Following a security assessment on 22 January, Dombe Grande was reopened for humanitarian assistance activities. The area had been closed to humanitarian partners since November 2001 for security reasons.

As a result of a security assessment on 31 January, the communes of Canjala and Culango in Lobito Municipality, where approximately 6,000 IDPs have arrived since October 2001, were reclassified as open to humanitarian partners. A humanitarian needs assessment in both locations is scheduled for the first week of February.

Bié Province:1 During the third week of January, more than 1,130 IDPs entered Kuito. Partners estimate that 10,000 IDPs in the capital city do not have access to adequate shelter due to lack of space at IDP camps. In Camacupa, approximately 10,000 newly arrived IDPs remain without humanitarian assistance. Registration of new arrivals in the area is scheduled for the first week of February. The Ministry of Social Affairs and Reintegration (MINARS) has reported that an additional 1,500 new arrivals in Cunhinga also remain without assistance.

In mid January, the Minister of MINARS and the UN Humanitarian Coordinator undertook a mission to Kuito. Following their visit, local authorities, UN Agencies and NGOs developed comprehensive plans of action to address emergency needs in Kuito, Camacupa and other communes in the eastern region of the province. Priority actions include infrastructure repair, registration and verification of IDPs, establishment of reception centres, and health and nutrition interventions. A Provincial Resettlement Plan has also been developed to address the problem of overcrowded camps and transit centres.

Huambo Province: Newly displaced persons, the majority of whom are from Mungo and Bailundo, continued to arrive at the Predio FAPA, Messe do Oficiais and MINARS transit centres in Huambo. According to MINARS, 865 IDPs were moved from the centres to the Betania resettlement site during January. During the last week of January partners visited the site, which was originally designed as a resettlement area for former combatants. The assessment mission reported a critical lack of shelter and essential non-food items, including kitchen kits and blankets. A mobile health unit is urgently required to address the emergency health needs of the newly relocated IDPs, many of whom are in critical condition. Humanitarian partners are concerned over the lack of capacity to respond to the situation.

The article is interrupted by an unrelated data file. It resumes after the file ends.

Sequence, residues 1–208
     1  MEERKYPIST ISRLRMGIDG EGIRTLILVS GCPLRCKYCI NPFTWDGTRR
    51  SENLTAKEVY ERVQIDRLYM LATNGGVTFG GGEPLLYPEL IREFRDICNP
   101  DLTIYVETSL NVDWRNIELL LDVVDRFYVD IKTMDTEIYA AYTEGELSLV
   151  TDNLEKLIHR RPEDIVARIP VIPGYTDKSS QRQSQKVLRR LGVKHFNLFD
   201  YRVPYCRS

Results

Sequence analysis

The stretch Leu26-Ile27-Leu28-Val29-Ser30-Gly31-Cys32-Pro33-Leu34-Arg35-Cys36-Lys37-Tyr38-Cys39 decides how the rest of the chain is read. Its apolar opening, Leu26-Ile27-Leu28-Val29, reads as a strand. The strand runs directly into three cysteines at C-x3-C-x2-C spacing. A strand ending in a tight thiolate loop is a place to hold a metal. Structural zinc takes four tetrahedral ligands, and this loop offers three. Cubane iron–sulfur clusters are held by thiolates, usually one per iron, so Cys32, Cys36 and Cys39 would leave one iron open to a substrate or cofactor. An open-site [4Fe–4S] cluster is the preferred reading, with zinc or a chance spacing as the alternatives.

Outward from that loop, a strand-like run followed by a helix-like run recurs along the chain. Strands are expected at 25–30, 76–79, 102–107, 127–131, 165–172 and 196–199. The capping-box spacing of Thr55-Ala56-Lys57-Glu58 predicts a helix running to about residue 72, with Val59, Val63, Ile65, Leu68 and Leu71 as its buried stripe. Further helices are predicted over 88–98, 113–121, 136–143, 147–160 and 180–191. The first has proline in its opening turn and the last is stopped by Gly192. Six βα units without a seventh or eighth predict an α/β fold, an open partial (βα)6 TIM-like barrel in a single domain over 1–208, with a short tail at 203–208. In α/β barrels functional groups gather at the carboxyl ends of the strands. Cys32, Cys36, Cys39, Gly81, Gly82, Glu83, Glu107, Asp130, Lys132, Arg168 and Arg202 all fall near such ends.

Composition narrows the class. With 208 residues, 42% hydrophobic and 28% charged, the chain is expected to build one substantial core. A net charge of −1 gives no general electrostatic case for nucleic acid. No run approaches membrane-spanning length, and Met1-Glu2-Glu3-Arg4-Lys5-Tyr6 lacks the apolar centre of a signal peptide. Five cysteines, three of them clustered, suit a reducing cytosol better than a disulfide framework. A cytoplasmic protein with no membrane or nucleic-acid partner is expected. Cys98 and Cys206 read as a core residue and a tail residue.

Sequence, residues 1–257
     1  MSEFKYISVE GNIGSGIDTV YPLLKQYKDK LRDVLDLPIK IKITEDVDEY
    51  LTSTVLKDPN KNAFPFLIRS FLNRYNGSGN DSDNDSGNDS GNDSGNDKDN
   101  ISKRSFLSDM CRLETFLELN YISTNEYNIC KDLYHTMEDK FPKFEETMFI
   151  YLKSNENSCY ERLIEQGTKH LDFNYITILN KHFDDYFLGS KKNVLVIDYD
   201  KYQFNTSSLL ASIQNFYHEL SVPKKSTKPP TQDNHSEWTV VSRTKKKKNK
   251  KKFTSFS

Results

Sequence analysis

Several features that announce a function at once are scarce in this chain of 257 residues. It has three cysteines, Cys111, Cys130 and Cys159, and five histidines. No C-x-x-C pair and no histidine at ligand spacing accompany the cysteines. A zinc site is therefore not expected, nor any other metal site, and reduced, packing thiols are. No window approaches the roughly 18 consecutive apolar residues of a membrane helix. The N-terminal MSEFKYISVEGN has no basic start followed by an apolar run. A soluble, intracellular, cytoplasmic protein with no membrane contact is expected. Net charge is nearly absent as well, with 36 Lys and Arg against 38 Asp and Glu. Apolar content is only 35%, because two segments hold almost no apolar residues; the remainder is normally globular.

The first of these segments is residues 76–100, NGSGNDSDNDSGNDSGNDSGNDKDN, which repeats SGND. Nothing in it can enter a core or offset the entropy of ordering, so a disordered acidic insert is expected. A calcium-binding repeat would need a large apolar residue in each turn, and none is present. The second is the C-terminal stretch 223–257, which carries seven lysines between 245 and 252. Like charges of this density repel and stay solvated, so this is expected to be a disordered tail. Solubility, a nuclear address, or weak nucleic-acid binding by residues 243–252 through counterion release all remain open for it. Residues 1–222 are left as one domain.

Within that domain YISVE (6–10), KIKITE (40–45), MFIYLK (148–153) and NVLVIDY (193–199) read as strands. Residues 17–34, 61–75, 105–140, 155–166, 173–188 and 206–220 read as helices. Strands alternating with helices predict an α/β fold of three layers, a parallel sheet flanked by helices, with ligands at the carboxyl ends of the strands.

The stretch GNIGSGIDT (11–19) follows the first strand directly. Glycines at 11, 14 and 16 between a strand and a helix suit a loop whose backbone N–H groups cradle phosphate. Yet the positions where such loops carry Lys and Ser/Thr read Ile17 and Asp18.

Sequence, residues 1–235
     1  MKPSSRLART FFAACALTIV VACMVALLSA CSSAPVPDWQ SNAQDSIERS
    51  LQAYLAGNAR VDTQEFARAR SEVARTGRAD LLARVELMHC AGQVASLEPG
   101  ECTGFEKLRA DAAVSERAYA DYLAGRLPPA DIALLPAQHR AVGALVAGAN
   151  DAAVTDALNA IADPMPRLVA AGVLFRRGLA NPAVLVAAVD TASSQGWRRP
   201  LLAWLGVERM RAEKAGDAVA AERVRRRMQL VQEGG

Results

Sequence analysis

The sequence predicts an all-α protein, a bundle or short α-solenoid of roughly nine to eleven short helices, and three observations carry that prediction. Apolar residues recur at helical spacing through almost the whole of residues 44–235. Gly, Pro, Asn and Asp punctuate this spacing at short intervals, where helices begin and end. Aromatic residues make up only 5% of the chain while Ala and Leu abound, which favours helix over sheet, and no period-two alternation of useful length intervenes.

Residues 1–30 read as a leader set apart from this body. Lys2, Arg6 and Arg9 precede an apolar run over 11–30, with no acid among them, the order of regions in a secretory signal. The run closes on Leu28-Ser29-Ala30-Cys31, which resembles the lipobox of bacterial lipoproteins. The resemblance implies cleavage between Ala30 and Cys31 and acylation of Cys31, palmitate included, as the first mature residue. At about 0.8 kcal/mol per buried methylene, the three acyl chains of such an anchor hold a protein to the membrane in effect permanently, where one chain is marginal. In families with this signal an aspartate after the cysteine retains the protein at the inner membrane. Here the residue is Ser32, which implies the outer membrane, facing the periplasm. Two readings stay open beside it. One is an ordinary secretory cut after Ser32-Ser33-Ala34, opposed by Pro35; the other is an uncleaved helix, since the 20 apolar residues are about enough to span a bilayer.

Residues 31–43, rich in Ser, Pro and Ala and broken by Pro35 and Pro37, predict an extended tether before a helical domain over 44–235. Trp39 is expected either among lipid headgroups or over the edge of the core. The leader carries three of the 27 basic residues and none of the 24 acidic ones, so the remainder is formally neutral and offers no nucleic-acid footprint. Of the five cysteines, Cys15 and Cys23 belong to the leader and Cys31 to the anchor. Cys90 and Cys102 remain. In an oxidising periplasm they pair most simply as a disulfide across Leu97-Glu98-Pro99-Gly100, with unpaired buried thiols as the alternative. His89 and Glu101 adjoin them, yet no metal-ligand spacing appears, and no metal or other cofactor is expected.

Large numbers of new IDPs are currently concentrated in Bailundo as a result of operations in the north of the province. Many of the IDPs are being transported from Bailundo to Huambo, Luanda and Benguela. Reports indicate that provincial authorities are unable to meet the basic needs of the population. International agencies have not conducted operations in Bailundo since 1998 as a result of persistent insecurity. At the end of 2001, the road connecting Huambo, Chipipa and Bailundo was reopened and a number of broken bridges repaired by the Government. Partners recommend that a security assessment is conducted as a matter of priority.

During January, approximately 700 IDPs spontaneously returned to Cacoma from Ukuma town. The movement is linked to improvements in the security situation as well as more fertile agricultural land in Cacoma.

Huíla Province: More than 2,030 IDPs from insecure areas within the province entered Matala during the last two weeks of January. In addition, 24 IDPs from Chipindo arrived in Lubango. Since mid-December, approximately 2,000 persons from Chipindo and Chicoma arrived in Caluquembe. Following an assessment mission in Caluquembe on 29 January, partners reported that the condition of many of the recently arrived IDPs is serious. A large number of newly arrived displaced children are either moderately or severely malnourished and emergency food stocks are limited.